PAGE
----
Wednesday, September 19, 2018
I'll typically take any chance possible to visit a new national park, and this most recent work trip to Watertown, South Dakota was no different.
I was visiting Worthington Industries in Watertown to test their operator cabs on two of the Morooka machines we produce. For each test, the "crush frame" and cab must be rigged, then cooled to -20 degrees Celsius. This process takes just over a day to complete, which gave me a decent amount of downtime to explore.
Although Watertown is roughly 250 miles from the Badlands, I jumped at the opportunity, driving the 5 hours as soon as I'd completed a conference call with Morooka on the morning of one of the "setup/teardown" days.
It was well worth the effort! I was blown away by the colors within the park, even on a dreary, overcast day.
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Saturday, September 1, 2018
I'm beginning to think that the Crosstrek might not be perfectly suited for SOME types of off-roading. With no ability to enter 4LO and a manual transmission instead of an automatic, it certainly doesn't like to putt along at a slow pace.
This characteristic isn't much of an issue when I'm able to drive 10mph or greater, but when stuck behind other vehicles (e.g. Trucks in 4LO), the Crosstrek bogs down and is forced to slide the clutch, which will eventually result in a completely burnt clutch, leaving us stranded.
When we approached the entrance to the park, there was a long line of trucks waiting for their turn to drive on the beach. There were several park officials there, collecting entrance fees and lending advice to those unfamiliar with driving in the sand. One of the officials gave a doubtful glance at the Crosstrek and asked "is it four-wheel-drive, or all-wheel-drive?" To that, I answered simply that it had been on the beach before (even if not THIS beach). Past her, we were met with the final official - a local police officer directing the extraction of several vehicles that had been buried axle-deep in the soft sand. He too had to give the Crosstrek a second look, but kept his comments to himself and agreed with me when I told him I'd just have to "give her hell!"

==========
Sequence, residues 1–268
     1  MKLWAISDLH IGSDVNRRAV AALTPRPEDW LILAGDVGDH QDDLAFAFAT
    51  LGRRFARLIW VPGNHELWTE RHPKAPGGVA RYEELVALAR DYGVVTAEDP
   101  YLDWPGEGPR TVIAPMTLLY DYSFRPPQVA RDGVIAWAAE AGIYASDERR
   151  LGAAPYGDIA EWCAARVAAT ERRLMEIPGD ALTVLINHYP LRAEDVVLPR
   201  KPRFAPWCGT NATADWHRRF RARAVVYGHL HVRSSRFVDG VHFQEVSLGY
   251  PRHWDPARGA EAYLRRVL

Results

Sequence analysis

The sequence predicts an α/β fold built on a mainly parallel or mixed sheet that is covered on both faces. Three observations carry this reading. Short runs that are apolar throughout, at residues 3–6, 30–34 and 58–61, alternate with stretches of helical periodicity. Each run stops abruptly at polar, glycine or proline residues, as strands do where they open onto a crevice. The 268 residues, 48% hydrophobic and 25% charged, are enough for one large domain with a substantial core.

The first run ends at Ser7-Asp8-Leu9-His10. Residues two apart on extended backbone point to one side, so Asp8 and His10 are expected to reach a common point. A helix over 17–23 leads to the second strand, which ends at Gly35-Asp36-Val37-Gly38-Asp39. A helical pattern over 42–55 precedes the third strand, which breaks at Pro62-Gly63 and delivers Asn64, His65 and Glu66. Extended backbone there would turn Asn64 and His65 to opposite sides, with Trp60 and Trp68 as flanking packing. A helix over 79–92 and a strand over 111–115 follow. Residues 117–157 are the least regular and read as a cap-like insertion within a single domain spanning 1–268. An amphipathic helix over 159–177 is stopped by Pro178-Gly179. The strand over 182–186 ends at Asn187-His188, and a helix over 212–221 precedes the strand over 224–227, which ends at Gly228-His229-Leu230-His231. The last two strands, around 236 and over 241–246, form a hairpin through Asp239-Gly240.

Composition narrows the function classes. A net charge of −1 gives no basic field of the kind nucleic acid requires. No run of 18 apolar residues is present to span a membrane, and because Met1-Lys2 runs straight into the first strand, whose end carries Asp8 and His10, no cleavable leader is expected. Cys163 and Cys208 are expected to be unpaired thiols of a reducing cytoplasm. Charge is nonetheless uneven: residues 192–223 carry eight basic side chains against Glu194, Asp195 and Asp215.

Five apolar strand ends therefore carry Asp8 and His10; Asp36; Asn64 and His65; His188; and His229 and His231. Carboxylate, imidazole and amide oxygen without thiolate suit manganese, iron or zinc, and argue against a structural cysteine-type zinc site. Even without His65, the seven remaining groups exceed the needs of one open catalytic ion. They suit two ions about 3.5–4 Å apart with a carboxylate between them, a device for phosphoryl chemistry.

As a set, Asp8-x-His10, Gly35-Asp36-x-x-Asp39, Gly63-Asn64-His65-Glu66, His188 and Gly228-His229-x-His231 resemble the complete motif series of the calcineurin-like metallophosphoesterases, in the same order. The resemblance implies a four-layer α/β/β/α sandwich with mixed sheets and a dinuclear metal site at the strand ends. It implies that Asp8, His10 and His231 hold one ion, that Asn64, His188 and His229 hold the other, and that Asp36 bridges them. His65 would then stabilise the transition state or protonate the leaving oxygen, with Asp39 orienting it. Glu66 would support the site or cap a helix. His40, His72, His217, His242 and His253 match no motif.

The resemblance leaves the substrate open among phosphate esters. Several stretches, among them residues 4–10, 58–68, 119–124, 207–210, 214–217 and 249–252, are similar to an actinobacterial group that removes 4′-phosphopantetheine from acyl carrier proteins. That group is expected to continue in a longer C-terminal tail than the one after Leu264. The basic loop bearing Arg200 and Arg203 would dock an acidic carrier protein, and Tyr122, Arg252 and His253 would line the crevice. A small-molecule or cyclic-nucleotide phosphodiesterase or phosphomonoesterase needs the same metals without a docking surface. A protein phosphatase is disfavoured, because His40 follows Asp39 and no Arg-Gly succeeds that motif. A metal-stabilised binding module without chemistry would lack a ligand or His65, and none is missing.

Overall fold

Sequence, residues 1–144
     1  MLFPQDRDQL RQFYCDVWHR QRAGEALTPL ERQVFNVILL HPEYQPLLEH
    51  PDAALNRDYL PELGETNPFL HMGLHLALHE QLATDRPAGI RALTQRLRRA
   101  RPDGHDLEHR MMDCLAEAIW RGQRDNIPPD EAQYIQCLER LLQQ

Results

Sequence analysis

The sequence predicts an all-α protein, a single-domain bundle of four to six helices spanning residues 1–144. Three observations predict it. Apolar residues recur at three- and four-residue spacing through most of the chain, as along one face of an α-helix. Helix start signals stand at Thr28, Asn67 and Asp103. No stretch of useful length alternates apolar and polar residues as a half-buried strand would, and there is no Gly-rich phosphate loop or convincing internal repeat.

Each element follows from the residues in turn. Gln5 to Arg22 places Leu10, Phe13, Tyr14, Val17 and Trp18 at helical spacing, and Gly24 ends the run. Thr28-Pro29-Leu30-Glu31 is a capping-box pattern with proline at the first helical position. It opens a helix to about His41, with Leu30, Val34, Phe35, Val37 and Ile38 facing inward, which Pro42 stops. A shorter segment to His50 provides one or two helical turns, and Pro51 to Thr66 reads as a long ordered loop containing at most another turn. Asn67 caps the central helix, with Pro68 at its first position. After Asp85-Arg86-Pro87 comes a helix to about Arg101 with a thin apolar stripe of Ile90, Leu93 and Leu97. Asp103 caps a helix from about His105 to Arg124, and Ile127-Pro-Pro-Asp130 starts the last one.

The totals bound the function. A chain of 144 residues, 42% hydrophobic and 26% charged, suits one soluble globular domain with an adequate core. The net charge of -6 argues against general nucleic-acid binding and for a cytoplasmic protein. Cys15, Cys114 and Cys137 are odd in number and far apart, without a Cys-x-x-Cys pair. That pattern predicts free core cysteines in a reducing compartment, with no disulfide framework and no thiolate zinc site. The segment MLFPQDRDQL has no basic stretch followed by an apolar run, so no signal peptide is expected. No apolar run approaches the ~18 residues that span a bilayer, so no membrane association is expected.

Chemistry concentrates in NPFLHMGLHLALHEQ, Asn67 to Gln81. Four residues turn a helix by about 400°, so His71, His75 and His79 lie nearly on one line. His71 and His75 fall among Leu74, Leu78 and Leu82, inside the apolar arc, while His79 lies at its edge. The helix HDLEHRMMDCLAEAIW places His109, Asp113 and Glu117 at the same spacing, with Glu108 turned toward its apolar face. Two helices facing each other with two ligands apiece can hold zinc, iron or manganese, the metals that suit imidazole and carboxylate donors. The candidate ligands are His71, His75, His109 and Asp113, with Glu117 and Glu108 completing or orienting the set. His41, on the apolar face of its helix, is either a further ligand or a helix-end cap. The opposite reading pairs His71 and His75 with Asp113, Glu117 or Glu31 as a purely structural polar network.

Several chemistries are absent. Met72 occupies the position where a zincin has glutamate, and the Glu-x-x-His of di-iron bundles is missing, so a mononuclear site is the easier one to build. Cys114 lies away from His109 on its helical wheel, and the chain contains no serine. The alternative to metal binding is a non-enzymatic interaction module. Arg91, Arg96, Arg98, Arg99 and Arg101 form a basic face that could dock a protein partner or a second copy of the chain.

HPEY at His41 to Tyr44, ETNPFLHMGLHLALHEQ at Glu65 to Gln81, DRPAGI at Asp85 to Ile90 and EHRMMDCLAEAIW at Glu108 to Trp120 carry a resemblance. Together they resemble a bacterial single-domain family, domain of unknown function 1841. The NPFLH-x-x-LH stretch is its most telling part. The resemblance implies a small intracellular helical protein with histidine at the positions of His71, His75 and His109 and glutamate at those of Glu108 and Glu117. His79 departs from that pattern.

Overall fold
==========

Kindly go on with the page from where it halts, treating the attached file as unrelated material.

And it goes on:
I let the vehicle ahead of us get a healthy head-start, then I pounded the gas pedal and took off in first gear. Surprisingly, the Crosstrek plowed through the deep ruts [with no low-hanging center differential]. As we quickly caught up to the crowd of trucks ahead. I tried my best to get around some of them, but eventually we were forced to slow, bogging down in the deep sand and coming to an eventual stop.
I was nervous that we'd be stuck there for the remainder, but decided to air down a touch further and try my best to give it the old "back-and-forth" - and it worked! The main issue came every time I had to slow for another truck. In order to mitigate the slow speed, our poor clutch had to allow some slippage, emitting the foul smell of a burning clutch. I tried my best to keep this to a minimum, but just had to let it eat itself alive from time to time.
With that said, we were still able to make our way down Freeman Park in the midst of a sea of stuck trucks - all the while confident that we were the ONLY car out in the sand that day!
Our luck was far better that one fellow wheeler whose Ford Ranger caught fire and practically burnt to the ground.
Rebecca and I felt terribly sorry for the guy, hoping that he at least had comprehensive insurance coverage to help lessen the agony of this terrible mishap.
On our way out, I again tried to baby the clutch as best as possible. Luckily, the engine can operate at a relatively low rpm (somewhere around 1200 or above), but all the while I just wished I could skate around the slow trucks causing the Crosstrek to wallow in misery.
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